454: Epidemiology of spinal pain in children: a study within the Danish National Birth Cohort.

Joergensen AC, Hestbaek L, Andersen PK, Nybo Andersen AM.
European Journal of Pediatrics. 2019;178(5):695-706 [Epub 2019 Feb 20]


This study aims to describe the prevalence of spinal pain among Danish children, explore the differential nature of spinal pain, and investigate socio-demographic factors predisposing spinal pain. A descriptive study of 46,726 11-14-year-olds participating in the Danish National Birth Cohort was conducted. Self-reported spinal pain (neck, middle back, and low back pain) was registered and classified according to severity. Socioeconomic data on children and their parents were identified in Statistics Denmark registers. Associations between socio-demographic factors and aspects of spinal pain were estimated using multinomial logistic regression models. To account for sample selection, inverse probability weighting (IPW) was applied. Almost 10% boys and 14% girls reported severe spinal pain, whereas around 30% of all children reported moderate pain. Effect estimates indicated the risk to increase with increasing age. Further, children without biological full siblings, not living with both of their parents, or children living in less-educated or lower-income families were more likely to experience spinal pain. The study conclusions were essentially unaffected by IPW.Conclusion: A considerable number of children suffer from spinal pain, and it is more common among children in more disadvantaged families. Etiology of spinal pain needs to be explored further with the aim of informing efficient and targeted prevention. What is Known: • Childhood spinal pain may cause marked discomfort and impairment in children's everyday life, and is suggested as important predictor of later-in-life spinal pain. • Methodological heterogeneity in previous studies and complexity of measuring pain make inferences at a broader level inadequate. What is New: • Prevalence of severe spinal pain in 11-14-year-olds was estimated to almost 10% for boys and 14% for girls, and children in more disadvantaged families were more likely to experience spinal pain. • The results seemed unaffected by sample selection.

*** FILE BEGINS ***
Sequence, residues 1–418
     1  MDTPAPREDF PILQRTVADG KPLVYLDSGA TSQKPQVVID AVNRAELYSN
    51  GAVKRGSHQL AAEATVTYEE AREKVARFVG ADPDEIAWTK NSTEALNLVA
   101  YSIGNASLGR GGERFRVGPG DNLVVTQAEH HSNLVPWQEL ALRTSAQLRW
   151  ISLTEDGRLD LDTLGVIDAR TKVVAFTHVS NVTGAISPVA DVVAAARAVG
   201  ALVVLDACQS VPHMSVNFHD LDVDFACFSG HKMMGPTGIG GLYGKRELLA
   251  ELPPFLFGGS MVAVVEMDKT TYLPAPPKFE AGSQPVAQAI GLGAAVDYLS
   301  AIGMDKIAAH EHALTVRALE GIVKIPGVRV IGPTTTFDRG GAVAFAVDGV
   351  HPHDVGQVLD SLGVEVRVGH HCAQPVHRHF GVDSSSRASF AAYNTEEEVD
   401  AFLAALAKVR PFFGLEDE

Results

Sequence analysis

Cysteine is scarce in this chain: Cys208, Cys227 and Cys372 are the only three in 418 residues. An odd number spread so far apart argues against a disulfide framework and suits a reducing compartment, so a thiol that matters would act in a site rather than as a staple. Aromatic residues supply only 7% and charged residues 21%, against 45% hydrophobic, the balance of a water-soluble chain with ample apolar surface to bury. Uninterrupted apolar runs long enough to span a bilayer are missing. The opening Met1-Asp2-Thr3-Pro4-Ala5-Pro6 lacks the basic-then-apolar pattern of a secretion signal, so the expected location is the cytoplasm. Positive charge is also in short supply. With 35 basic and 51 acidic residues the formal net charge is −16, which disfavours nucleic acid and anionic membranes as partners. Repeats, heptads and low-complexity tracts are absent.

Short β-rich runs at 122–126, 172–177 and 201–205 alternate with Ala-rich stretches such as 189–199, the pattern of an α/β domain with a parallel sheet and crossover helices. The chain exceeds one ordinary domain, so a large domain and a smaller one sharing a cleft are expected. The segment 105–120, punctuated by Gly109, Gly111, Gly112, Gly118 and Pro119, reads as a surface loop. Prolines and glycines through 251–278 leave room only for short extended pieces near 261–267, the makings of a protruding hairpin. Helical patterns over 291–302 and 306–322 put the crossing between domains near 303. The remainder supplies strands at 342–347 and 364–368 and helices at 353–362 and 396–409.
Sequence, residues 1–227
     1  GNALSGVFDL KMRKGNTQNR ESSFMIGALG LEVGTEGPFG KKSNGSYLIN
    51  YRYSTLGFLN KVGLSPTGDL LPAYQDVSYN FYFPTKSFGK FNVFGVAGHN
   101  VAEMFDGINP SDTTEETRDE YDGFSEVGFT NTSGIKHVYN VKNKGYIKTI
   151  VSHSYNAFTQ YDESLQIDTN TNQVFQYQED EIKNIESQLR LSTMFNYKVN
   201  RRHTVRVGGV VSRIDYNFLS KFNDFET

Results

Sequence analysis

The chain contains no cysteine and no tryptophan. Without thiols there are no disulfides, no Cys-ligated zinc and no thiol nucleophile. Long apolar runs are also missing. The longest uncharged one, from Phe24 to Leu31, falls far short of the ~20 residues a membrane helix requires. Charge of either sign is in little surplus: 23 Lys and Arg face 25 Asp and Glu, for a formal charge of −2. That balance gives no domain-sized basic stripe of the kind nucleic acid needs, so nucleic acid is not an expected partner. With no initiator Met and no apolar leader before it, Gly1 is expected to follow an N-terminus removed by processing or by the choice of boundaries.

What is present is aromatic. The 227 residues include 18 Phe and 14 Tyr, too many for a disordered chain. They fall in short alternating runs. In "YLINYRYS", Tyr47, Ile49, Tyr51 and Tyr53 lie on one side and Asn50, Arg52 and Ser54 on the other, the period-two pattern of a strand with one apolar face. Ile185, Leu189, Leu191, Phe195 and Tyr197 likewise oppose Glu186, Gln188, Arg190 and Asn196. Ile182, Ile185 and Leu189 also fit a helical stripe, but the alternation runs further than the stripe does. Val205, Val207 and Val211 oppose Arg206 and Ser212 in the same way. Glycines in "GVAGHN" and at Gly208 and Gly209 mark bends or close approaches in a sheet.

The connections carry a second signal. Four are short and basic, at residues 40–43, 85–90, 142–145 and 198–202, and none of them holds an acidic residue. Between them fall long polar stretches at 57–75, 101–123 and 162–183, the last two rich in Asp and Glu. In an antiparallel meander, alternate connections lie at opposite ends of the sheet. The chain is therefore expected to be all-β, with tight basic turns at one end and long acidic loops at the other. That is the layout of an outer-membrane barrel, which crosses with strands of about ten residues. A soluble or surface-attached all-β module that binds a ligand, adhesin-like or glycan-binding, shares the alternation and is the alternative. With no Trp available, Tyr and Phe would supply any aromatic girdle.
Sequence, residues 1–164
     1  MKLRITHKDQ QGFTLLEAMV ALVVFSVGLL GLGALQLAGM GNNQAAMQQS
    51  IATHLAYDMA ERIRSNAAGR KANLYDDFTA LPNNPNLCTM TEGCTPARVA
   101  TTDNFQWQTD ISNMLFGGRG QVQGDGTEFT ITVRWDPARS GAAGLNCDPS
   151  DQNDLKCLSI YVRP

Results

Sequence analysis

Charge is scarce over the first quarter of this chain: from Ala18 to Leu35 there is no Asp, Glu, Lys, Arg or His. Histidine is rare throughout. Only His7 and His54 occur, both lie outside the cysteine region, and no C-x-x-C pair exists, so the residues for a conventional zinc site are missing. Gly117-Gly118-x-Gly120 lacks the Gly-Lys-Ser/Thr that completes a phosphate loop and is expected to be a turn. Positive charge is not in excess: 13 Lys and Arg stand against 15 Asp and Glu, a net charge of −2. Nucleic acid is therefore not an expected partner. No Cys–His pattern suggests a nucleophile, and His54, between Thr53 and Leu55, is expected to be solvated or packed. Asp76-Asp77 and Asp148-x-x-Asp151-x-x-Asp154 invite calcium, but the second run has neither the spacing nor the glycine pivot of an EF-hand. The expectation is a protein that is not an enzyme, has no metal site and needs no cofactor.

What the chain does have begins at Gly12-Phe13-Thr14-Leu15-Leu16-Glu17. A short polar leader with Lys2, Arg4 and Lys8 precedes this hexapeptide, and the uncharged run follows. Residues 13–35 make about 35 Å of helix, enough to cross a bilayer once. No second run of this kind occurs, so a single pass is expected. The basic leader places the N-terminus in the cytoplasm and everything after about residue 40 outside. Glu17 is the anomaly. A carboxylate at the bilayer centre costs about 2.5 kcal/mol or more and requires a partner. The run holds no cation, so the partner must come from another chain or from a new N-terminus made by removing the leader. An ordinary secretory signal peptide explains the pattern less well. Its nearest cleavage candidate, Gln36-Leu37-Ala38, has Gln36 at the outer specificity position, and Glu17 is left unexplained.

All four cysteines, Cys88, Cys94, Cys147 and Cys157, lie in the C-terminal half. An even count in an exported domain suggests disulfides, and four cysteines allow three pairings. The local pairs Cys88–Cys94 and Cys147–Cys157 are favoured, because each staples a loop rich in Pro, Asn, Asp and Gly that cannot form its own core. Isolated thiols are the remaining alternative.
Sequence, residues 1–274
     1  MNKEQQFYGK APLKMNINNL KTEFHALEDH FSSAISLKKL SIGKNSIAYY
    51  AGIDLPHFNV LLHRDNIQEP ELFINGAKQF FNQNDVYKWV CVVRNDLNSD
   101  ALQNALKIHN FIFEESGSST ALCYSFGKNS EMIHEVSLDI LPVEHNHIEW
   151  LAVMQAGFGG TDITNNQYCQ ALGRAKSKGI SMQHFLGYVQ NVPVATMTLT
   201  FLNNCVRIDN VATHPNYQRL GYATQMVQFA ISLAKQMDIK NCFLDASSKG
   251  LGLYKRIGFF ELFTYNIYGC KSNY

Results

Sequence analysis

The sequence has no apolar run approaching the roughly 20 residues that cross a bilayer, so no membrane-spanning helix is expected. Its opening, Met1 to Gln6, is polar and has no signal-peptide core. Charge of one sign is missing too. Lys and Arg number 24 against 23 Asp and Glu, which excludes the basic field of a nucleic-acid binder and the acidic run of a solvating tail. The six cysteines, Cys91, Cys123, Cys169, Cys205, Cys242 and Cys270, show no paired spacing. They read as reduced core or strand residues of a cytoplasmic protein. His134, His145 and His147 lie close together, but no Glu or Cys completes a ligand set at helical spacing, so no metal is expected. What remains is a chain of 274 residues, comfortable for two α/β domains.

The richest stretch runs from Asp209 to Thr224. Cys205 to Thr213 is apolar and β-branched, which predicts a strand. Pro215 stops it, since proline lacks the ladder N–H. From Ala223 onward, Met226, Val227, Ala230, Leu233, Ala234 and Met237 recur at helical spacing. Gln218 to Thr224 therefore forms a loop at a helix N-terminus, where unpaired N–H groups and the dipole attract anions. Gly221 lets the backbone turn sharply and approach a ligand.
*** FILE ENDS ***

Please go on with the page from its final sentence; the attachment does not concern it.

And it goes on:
Keywords: Back pain; Epidemiology; Neck pain; School children; Socio-demographic risk factors; Spinal pain.

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